As CEO, make sure you 'feel good' about your cybersecurity

Gerwin Naber Partner, PwC Netherlands 17/01/22

In five steps well prepared for cyber attacks

A company is down for days because of a ransomware attack or theft of important technological concepts. These are nightmare scenarios, but at the same time harsh realities that regularly make the news. Therefore, it is not surprising that CEOs are very concerned about a possible cyber attack, as our 25th CEO Survey shows. In the world we live in, the question is not if it happens, but when it happens. The question for CEOs

Cyber attacks can cause major damage to all kinds of business processes, but they can also seriously damage confidence in organisations. As CEO, you want to feel that your organisation is well prepared. For example with the recent Log4j threat. So that you can confidently show supervisors, customers and other stakeholders that your organisation is as well protected as possible against damage.

In this context, being well-prepared means that there is a good chance that those responsible within your organisation will discover a hack quickly and they will act appropriately to plug leaks and prevent further damage. To ensure this, the following five steps are important:


  • Define an unambiguous strategy
    Policy starts with a clear dot on the horizon: the ambition when it comes to cybersecurity. Where do we want to stand as an organisation in relation to our peers and to what norms and standards do we want to conform? This is a topic that obviously does not stand alone, but must be seen as part of the organisation's overall digital strategy. 
  • Organise governance with ‘checks and balances’ and different ‘lines of defense’
    In this context, good governance does not mean entrusting the subject to one person or department. Compare it to financial management: this is not only done by controllers who report to the CFO. There are also 'extra eyes' involved, such as risk management and the internal audit department, which have their own reporting lines. Such checks and balances and different lines of defense are also needed in the governance of cybersecurity. External assessments of the processes and systems are also part of this: a fresh look often discovers further possibilities for improvement.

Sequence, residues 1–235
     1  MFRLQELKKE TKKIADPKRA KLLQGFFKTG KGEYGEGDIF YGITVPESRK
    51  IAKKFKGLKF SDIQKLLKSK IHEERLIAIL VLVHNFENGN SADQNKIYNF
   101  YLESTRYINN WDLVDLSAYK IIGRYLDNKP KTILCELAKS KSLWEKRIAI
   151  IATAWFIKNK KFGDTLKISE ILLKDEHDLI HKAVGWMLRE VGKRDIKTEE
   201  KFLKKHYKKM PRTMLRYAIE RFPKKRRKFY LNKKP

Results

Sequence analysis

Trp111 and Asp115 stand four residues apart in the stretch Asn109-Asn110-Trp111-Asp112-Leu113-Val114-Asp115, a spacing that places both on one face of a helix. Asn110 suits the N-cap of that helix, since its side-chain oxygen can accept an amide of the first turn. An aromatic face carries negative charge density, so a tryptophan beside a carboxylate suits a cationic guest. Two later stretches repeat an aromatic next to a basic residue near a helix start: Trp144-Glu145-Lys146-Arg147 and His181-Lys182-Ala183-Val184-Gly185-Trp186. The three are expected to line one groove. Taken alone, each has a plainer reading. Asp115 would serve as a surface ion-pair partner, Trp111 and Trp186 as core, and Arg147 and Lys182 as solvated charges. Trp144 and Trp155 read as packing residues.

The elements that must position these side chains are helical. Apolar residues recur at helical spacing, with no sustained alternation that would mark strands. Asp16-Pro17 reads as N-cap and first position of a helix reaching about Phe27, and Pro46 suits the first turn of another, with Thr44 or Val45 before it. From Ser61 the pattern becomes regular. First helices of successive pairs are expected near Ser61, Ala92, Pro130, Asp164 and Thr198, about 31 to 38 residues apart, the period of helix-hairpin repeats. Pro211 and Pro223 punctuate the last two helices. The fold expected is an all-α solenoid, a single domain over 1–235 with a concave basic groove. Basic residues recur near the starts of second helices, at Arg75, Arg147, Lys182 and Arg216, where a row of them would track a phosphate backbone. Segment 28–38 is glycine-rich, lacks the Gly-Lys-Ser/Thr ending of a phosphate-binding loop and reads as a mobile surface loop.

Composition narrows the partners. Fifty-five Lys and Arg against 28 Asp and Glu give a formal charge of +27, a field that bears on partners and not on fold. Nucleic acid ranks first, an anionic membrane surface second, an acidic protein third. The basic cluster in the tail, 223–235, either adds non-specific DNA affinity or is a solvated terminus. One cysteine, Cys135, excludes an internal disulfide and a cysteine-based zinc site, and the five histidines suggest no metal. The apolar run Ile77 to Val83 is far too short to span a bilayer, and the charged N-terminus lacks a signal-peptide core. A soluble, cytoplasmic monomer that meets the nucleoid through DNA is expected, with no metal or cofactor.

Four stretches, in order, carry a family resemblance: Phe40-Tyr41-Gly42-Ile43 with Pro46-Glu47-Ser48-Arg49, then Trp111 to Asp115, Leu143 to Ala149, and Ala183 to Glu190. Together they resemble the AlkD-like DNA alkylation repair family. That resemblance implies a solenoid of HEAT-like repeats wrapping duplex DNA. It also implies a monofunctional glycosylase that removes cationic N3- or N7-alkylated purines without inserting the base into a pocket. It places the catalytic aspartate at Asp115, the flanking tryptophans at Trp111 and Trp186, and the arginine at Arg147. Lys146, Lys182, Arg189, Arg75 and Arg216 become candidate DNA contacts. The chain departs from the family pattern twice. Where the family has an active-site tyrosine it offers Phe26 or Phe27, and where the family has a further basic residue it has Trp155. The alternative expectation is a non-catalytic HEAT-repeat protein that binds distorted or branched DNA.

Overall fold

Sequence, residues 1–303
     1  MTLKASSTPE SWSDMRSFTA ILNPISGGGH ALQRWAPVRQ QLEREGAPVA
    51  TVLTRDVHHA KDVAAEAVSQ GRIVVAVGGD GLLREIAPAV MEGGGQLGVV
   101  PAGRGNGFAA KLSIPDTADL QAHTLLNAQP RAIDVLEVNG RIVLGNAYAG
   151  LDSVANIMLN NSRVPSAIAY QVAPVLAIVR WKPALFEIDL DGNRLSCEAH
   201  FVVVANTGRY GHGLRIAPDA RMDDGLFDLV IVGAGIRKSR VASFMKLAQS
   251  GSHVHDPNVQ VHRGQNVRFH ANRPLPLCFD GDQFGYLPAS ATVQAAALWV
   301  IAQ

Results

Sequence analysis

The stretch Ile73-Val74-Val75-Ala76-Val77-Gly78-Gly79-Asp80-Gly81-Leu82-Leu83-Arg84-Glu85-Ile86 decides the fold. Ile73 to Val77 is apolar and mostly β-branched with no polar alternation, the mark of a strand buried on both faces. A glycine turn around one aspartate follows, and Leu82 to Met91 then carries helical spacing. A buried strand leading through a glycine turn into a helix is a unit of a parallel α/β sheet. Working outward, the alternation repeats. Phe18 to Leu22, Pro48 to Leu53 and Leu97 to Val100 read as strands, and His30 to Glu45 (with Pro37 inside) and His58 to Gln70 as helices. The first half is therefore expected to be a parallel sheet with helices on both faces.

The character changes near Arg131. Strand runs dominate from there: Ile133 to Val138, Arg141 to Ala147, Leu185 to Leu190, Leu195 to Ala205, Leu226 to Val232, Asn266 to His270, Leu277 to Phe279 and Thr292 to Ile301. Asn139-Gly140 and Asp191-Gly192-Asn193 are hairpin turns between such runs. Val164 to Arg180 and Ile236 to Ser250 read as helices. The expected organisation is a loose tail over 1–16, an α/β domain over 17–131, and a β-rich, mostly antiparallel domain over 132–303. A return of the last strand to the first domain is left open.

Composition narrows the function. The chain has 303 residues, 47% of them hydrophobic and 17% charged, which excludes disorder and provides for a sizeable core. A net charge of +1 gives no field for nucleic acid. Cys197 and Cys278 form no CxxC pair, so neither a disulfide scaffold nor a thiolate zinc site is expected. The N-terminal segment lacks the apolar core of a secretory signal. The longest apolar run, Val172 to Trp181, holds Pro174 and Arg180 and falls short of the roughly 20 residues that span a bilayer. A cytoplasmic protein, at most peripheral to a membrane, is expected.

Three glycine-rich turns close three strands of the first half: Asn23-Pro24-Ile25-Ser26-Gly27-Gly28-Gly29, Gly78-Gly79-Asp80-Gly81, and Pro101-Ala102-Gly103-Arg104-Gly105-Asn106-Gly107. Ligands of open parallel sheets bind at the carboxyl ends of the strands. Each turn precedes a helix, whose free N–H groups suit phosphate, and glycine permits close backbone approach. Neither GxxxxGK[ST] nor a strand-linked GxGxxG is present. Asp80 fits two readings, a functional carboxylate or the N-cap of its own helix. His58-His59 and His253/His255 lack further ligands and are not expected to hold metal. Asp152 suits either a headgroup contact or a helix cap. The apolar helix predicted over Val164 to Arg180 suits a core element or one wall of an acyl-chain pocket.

• Encourage a culture where people hold each other accountable
    People are the biggest security risk. They make mistakes and errors. No one wants to click on a link in a suspicious email, but it sometimes happens anyway. You can secure everything in the office, but if someone leaves a laptop in the car that is then stolen, it immediately creates a security risk. It is extremely important that people are open about this. That the culture is so safe that they immediately report these mistakes or other risky situations. And that they hold each other accountable for it.
  • Integrate cybersecurity into all processes
    I often see organisations working in silos. As a result, cybersecurity is on the agenda of the IT department, but not, for example, on the agenda of the people involved in product development or the internal business processes. Collaboration between different departments ensures that digital resilience is on everyone's agenda and contributes to processes and products that are 'secure by design'. With this, organisations can really distinguish themselves.

    Breaking through silos in this area also prevents IT departments from coming up with technological security solutions that are so user-unfriendly that no one wants or will use them.
  • Test your cybersecurity regularly
    Make sure that cybersecurity is tested regularly, that simulations are done on your systems. Hackers are constantly innovating. Moreover, an IT infrastructure changes after, for example, the introduction of a new system or an acquisition, when existing systems are connected to each other. Also consider the connections to other, new parties such as suppliers. So simulate a crisis and see if you are able to respond adequately. Not just from a technical point of view: ultimately this is teamwork and by training well, your organisation will be much better prepared.


The five points above have one common denominator: cybersecurity is not the problem of one department, but of the entire organisation. And when the whole organisation cooperates on digital security, the CEO gets more context and more grip as well as more comfort in being able to answer the question: are we doing the right things and are we doing them well enough? It also ultimately leads to better decisions on all digital investments where security is integrated from the very beginning.

CEOs are most concerned about cyber risks 

According to PwC's 25th CEO Survey, 58 percent of CEOs surveyed consider cyber attacks to be a very big threat to business operations. 

To put this percentage in perspective, 33 percent of CEOs see climate change and 26 percent health risks as very big threats. When a cyber attack occurs, CEOs expect the most impact on the delivery of products and services and innovative processes.

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Gerwin Naber

Gerwin Naber

Partner, PwC Netherlands

Tel: +31 (0)65 150 75 75

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